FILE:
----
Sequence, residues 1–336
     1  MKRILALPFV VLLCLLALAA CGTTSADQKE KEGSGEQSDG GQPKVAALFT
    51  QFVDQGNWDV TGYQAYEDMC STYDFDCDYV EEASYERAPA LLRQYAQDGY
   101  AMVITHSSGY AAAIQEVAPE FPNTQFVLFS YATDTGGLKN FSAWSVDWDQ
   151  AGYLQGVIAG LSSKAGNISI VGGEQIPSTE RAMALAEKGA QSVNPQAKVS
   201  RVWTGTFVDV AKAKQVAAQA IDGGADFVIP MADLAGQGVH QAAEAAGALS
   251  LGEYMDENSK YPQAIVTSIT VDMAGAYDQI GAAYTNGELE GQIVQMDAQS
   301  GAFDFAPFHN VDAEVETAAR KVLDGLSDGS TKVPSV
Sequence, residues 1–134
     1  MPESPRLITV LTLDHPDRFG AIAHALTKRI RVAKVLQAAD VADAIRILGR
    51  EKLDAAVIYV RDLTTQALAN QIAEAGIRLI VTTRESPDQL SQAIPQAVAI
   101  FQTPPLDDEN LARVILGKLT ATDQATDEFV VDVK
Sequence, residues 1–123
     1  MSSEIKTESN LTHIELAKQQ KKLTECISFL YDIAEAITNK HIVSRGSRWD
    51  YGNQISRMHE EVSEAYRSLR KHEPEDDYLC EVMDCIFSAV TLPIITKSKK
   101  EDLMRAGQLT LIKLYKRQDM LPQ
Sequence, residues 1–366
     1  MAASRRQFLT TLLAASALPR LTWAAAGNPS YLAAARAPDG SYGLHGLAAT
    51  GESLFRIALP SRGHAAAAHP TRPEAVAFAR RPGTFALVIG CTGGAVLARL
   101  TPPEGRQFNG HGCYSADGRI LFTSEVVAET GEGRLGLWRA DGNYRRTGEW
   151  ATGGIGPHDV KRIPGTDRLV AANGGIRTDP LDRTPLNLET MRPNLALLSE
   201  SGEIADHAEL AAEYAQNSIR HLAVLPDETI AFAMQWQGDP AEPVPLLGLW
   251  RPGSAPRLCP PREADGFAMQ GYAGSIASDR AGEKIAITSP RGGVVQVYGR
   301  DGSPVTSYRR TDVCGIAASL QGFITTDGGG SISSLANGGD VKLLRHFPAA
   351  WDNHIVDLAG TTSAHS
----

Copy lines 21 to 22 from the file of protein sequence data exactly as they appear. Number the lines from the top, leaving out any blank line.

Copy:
   151  ATGGIGPHDV KRIPGTDRLV AANGGIRTDP LDRTPLNLET MRPNLALLSE
   201  SGEIADHAEL AAEYAQNSIR HLAVLPDETI AFAMQWQGDP AEPVPLLGLW